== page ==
Everyone should have the aerospace industry's woes. Its biggest problem is demand so strong that neither the dominant player, Boeing Co., nor its suppliers, can keep up. So don't be surprised by data showing a drop in industry earnings, to $6.7 billion, down from a record $7.2 billion in 1996. The dip in Aerospace Industries Assn. data stems from a $1.6 billion write-off at Boeing. The industry has been on a hiring frenzy to keep up, boosting payrolls from 798,000 at the end of 1996 to 869,000 by mid-1997.
If the industry gets over its growing pains and a robust economy keeps the airlines healthy, 1998 could be stellar. Profit margins should get a boost as the hiring frenzy slows down, and the AIA expects civilian sales to fuel an 11.5% revenue increase in 1998, to $144.5 billion, from an estimated $129.6 billion in 1997. Leading the charge should be a jump in aircraft shipments, to 2,284 from 2,092 in 1997. The space-launch business and sales of products such as air-traffic controls and electronics also should see healthy growth.
All of this could translate into stronger bottom lines, despite Boeing's plan for a $1 billion charge in 1998. One reason: New customers for planes may have to pay a premium to get a slot in the busy production lines, despite the competitive slugfest between Airbus and Boeing. "We should see price increases," says Wolfgang H. Demisch, aerospace analyst at BT Alex. Brown Inc., who predicts hikes in the 10% to 20% range.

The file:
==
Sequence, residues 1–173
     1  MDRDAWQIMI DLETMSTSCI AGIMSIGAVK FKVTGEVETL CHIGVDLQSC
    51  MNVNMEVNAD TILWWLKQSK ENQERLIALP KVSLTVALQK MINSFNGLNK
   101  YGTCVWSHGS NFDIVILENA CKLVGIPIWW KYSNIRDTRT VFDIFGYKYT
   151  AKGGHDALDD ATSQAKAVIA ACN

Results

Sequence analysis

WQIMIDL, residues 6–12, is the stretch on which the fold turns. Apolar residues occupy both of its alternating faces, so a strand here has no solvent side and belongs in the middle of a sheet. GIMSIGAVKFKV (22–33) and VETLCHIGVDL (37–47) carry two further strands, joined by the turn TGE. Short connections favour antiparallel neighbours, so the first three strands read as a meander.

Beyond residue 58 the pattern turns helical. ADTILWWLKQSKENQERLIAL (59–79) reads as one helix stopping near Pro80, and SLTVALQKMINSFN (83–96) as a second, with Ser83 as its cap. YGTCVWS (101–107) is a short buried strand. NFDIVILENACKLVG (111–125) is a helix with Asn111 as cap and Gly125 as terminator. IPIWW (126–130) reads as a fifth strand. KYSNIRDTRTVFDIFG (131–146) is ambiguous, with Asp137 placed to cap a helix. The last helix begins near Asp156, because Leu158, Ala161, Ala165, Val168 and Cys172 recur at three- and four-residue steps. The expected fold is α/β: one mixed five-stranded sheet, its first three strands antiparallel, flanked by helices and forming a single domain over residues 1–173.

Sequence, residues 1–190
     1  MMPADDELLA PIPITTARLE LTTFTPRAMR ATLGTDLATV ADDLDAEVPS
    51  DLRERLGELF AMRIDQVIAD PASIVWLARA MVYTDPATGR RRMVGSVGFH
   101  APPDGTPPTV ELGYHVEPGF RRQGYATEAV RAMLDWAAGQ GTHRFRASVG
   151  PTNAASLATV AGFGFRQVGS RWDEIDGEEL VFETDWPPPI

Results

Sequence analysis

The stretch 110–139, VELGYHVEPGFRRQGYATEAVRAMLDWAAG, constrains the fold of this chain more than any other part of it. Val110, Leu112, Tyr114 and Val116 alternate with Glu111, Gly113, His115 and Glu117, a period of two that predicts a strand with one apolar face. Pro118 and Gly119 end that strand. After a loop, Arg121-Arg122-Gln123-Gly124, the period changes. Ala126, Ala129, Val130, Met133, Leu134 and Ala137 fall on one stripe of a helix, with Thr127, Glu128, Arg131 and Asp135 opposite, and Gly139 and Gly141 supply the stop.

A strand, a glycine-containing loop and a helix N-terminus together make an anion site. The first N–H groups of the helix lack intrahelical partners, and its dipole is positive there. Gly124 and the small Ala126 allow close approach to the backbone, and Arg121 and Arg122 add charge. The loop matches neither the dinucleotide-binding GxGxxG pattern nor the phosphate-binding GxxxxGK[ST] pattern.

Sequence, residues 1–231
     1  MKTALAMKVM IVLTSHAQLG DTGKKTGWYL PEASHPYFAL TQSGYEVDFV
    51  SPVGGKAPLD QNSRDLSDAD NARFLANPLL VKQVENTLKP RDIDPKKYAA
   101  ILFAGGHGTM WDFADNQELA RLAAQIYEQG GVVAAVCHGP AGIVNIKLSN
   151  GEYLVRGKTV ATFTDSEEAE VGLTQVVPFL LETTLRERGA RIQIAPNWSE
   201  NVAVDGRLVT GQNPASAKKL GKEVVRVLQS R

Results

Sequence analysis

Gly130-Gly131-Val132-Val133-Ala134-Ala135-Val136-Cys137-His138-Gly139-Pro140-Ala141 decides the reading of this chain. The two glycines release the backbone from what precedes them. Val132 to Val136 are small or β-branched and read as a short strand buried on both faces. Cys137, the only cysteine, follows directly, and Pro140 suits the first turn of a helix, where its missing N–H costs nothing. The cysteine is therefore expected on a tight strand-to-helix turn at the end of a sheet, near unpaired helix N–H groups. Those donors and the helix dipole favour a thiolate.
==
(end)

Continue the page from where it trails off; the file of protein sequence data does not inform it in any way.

NUPTIALS. On the military side, merger mania is likely to subside after the $11.6 billion Lockheed Martin-Northrop Grumman marriage is inked in the first quarter, possibly after trustbusters demand changes to preserve competition in some electronics technology. The big prime contractors are instead likely to reshape their portfolios, jettisoning noncore assets. Second-tier and infotech firms, though, will follow the lead of the TRW-BDM and Litton Industries-TASC nuptials to keep the merger ball rolling.
The corporate streamlining and tight Pentagon budgets will make top-line growth difficult. Defense spending on procurement and research and development will inch up from $81 billion in fiscal 1997 to $82 billion in fiscal 1998. And it will be tough to slash infrastructure and overhead costs to help boost the procurement budget from $45.4 billion to the $60 billion experts believe is needed to modernize the current force. Bottom-line prospects are better, though, thanks to already completed acquisitions. "You'll see some nice reported earnings as companies continue to prune and garner more consolidation savings," predicts Jon B. Kutler, president of Quarterdeck Investments Partners Inc., an aerospace and defense investment banking firm. So while the commercial side is looking at another boffo year, defense contractors' performance won't be too bad, either.